Compared with clopidogrel, non-fatal heart attacks occur less often in certain patients, but major bleeding events are more common
In order to better prevent blood clots, the drugs clopidogrel or prasugrel can be prescribed to patients with acute ischaemia of the heart muscle, in addition to acetylsalicylic acid (ASA). The German Institute for Quality and Efficiency in Health Care (IQWiG) has now investigated whether, in patients whose vessels were dilated by a percutaneous coronary intervention (PCI), the combination of prasugrel plus ASA has a higher patient-relevant benefit than ASA alone, or than combination therapy with clopidogrel plus ASA. The findings of the assessment provide indications that prasugrel decreases the risk of further non-fatal heart attacks better than clopidogrel in some patients, but that major bleeding events occur more often. This is the result of a final report presented by IQWiG on 5 September 2011.
ASA and prasugrel should complement each other in their effect
Prasugrel has been available on the German market since 2009 under the trade name "Efient-" and in some patients can be used as an alternative to the drug clopidogrel, which was already assessed by IQWiG in 2009.
Like clopidogrel, prasugrel is an anti-platelet drug ("platelet aggregation inhibitor") that is used in a similar way to ASA. It inhibits parts of the blood-clotting system, leading to a reduction in platelet clotting (aggregation) and of the subsequent formation of blood clots (thrombi). Prasugrel is thus supposed to reduce the risk of heart attacks and strokes, for example. However, the risk of bleeding may increase. As the manner in which prasugrel and ASA act on blood clotting differs, it is assumed that the 2 drugs complement each other and that the overall inhibitory effect on the formation of blood clots increases. Prasugrel differs mainly from clopidogrel through its faster onset of action, and is intended to be used if a rapid treatment effect is required.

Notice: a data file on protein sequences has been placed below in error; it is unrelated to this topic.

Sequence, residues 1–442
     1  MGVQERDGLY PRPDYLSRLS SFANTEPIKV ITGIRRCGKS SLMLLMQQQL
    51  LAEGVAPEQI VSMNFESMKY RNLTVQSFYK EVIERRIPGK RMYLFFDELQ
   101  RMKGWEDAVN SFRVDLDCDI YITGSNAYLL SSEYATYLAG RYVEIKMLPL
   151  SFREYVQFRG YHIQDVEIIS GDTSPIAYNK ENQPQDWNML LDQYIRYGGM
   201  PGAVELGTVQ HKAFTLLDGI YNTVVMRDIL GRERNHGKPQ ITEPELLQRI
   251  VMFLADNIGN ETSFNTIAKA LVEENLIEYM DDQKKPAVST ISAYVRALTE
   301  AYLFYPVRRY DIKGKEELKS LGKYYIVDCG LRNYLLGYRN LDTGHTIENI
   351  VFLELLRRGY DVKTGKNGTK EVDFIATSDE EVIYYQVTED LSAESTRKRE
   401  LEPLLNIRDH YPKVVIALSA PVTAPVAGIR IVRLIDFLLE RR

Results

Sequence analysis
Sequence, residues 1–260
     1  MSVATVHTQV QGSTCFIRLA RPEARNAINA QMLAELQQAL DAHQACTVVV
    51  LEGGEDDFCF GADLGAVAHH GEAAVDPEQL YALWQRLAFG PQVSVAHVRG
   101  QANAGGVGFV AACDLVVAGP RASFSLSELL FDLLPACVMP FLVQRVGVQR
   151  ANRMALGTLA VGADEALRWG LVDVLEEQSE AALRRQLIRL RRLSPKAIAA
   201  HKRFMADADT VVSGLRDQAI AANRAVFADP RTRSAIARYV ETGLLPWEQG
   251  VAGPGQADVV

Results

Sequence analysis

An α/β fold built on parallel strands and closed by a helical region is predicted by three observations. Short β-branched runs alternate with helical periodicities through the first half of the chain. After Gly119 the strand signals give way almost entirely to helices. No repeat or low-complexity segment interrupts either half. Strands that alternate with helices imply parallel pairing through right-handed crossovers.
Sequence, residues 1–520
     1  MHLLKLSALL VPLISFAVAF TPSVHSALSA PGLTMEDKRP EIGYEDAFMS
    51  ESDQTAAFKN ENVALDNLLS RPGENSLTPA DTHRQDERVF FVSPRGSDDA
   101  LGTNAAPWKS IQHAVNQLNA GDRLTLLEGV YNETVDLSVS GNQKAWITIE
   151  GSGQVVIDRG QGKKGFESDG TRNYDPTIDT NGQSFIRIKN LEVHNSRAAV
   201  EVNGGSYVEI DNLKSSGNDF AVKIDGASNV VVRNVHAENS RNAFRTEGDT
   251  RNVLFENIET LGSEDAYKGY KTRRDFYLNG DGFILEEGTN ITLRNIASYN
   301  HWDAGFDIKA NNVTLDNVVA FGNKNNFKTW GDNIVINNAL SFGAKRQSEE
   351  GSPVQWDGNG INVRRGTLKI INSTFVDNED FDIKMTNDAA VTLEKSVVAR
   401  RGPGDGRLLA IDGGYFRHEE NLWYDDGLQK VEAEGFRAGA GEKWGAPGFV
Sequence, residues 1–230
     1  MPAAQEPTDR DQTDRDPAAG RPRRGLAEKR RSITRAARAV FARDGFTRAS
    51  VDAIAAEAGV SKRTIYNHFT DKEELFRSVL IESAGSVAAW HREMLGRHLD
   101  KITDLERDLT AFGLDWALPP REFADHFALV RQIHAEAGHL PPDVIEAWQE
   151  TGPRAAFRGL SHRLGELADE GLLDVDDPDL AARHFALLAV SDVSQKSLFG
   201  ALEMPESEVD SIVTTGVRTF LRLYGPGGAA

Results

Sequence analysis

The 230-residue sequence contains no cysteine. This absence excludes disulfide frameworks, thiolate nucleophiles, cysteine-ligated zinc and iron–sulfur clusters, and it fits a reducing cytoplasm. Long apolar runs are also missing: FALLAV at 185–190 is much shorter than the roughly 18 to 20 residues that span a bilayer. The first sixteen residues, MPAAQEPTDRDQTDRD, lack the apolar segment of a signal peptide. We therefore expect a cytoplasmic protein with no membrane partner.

Different approval status for clopidogrel and prasugrel
Prasugrel is approved in Germany solely in combination with ASA for patients with acute coronary syndrome (ACS), i.e. with acute stenosis of the coronary vessels, who are to undergo surgery in the form of a PCI to dilate their vessels. These patients have either unstable angina pectoris or have suffered an acute heart attack.
In contrast to prasugrel, clopidogrel is not approved in patients who experienced a "severe" heart attack (i.e. an "ST-segment-elevation myocardial infarction", STEMI) and therefore undergo a PCI. However, in practice, clopidogrel is still also commonly used in these patients, but it has not yet been sufficiently investigated in studies whether they benefit from this. Following the requirements of the contracting agency, the Federal Joint Committee (G-BA), the benefit assessment of prasugrel was to be conducted within the approval status valid in Germany. Accordingly, in patients with STEMI, IQWiG only compared prasugrel plus ASA combination therapy versus ASA monotherapy, but not versus clopidogrel plus ASA combination therapy.
Two studies included in the assessment
IQWiG included 2 studies in the assessment: in one long-term study (TRITON), patients were followed between 6 and 15 months, and in one short-term study (JUMBO) up to 35 days. TRITON and JUMBO were randomized controlled trials, and both compared the combination therapies prasugrel plus ASA versus clopidogrel plus ASA.